As you can probably surmise from the fact that "vintage Air Jordan eBay store owner" is a lofty business goal today, both Jordan and the NBA survived. It would be the last lockout of its kind ... until 2011, when NBA team owners' sides once again swelled up from the ever-present thorn of astronomical player salaries. Now, here's the twist: By this time, Jordan -- one of the most vocal advocates of maintaining high player salaries during the prior lockout -- had retired and become a team owner himself.
For real this time, though. Not like when he pretended to like baseball.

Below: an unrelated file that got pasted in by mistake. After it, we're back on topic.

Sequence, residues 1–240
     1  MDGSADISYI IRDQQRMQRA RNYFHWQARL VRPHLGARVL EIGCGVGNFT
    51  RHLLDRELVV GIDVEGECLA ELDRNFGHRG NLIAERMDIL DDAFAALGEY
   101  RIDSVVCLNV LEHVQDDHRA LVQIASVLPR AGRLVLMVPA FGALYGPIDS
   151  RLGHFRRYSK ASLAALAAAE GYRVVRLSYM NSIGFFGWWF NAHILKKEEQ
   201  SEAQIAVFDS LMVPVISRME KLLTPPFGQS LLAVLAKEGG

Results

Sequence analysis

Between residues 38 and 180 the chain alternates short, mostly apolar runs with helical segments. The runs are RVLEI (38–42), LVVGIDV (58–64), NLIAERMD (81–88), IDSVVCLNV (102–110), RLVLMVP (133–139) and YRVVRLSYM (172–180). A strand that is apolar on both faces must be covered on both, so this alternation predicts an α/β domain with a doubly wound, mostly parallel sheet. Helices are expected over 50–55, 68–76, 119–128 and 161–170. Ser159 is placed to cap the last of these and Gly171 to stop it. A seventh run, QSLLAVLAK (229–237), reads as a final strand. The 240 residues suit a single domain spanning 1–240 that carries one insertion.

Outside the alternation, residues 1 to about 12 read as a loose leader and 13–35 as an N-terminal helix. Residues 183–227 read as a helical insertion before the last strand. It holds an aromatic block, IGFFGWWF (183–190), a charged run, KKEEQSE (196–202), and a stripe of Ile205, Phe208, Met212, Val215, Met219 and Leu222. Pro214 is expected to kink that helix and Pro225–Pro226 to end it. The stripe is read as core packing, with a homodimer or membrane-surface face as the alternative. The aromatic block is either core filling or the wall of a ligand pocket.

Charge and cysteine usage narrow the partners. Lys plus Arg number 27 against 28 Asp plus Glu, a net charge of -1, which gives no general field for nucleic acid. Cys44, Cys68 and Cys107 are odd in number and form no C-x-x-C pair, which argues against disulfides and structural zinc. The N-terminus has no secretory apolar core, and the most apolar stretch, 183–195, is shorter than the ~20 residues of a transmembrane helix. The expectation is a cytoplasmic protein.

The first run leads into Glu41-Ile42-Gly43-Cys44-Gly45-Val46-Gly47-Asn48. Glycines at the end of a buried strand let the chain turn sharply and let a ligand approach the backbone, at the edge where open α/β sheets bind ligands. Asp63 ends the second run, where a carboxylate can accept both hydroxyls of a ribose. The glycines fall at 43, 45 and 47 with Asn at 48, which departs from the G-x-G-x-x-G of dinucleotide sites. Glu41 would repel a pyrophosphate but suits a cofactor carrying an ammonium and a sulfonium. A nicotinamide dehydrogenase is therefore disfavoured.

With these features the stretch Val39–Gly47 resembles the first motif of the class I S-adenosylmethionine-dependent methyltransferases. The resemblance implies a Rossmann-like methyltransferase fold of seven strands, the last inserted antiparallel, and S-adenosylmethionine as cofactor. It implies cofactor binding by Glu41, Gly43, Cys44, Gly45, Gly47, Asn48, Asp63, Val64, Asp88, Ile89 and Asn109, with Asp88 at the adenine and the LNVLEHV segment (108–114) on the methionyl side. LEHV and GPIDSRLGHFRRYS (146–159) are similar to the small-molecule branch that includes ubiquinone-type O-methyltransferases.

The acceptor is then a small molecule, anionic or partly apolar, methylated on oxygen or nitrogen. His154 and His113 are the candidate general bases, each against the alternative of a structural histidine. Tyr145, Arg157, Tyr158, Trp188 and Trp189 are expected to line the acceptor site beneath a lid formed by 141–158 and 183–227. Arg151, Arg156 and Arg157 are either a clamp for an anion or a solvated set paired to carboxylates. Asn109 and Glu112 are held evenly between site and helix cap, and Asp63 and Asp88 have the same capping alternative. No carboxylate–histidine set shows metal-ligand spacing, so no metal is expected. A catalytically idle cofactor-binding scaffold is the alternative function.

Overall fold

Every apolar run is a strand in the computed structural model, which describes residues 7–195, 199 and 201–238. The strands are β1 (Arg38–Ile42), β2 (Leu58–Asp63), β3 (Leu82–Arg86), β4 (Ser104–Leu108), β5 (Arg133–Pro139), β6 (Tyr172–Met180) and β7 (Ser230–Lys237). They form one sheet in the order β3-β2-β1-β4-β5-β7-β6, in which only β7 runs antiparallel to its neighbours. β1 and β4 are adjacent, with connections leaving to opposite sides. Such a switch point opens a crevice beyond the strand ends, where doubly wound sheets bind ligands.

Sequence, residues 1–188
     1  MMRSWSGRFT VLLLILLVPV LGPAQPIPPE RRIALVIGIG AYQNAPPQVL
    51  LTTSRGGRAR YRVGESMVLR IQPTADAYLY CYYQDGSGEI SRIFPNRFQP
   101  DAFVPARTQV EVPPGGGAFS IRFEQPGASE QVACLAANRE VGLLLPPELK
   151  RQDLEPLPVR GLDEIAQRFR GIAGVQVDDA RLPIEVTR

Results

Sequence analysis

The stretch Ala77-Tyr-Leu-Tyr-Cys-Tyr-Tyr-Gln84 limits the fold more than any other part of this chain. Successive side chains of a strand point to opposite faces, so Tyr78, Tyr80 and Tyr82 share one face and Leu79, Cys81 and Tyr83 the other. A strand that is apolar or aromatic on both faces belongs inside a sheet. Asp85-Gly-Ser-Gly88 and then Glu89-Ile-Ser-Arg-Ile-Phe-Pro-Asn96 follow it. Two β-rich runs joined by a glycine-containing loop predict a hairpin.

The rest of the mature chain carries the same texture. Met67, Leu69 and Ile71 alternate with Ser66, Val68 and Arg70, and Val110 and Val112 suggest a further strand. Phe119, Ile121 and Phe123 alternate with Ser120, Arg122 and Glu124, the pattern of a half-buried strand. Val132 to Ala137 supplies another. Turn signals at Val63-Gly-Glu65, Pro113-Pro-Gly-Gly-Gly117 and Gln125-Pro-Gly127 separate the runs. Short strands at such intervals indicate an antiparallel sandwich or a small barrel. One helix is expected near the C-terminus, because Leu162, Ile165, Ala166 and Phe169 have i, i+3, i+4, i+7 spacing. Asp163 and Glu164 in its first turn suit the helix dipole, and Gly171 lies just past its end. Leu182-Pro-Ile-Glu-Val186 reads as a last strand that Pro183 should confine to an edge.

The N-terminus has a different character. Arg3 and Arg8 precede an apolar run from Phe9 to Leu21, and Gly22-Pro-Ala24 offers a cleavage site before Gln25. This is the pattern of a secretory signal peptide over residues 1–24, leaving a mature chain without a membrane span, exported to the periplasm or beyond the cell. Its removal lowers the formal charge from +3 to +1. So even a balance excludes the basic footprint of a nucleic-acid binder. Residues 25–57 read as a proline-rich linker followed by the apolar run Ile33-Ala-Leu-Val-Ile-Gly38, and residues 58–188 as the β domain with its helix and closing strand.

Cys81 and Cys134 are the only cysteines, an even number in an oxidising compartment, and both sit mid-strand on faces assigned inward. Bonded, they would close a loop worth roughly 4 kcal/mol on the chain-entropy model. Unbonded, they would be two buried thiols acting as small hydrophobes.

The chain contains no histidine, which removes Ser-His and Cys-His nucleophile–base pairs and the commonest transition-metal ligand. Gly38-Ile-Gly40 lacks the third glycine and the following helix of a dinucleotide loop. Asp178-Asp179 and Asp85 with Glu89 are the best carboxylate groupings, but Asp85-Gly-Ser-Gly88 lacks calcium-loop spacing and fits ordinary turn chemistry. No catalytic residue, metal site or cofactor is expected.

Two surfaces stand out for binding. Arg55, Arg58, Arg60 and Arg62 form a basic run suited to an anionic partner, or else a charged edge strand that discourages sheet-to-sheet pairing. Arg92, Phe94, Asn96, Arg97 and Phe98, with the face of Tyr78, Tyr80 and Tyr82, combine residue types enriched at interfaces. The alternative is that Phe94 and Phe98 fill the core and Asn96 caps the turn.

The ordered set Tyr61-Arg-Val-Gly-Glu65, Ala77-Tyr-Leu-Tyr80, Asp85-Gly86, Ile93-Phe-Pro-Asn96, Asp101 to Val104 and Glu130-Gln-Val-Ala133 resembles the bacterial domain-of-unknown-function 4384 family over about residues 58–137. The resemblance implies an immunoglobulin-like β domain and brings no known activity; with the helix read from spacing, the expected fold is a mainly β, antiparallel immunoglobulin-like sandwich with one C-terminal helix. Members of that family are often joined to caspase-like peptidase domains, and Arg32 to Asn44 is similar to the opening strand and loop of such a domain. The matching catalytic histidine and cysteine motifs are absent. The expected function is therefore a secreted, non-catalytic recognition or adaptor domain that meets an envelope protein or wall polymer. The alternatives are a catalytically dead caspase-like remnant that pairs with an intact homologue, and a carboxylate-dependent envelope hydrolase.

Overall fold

So, being a former player, Jordan took their side, right? Nope! Even when the other owners made a final offer of a 50-50 split of Basketball Related Income (it was 57-43 in favor of the players under the previous agreement), Jordan stuck to his guns, insisting that the players' share should absolutely be no higher than 47 percent. (It's worth noting here that, although 13 years had passed since the previous lockout, the highest-paid player in the league was making $25 million per season. An enviable sum, sure, but not exactly rock-paper-scissors money, if you catch our drift.) Jordan's hard stance was likely motivated by the fact that his shitty team, the Charlotte Bobcats, had lost $20 million the previous season. Morality has a price, and it turns out that price is "negative 20 million dollars."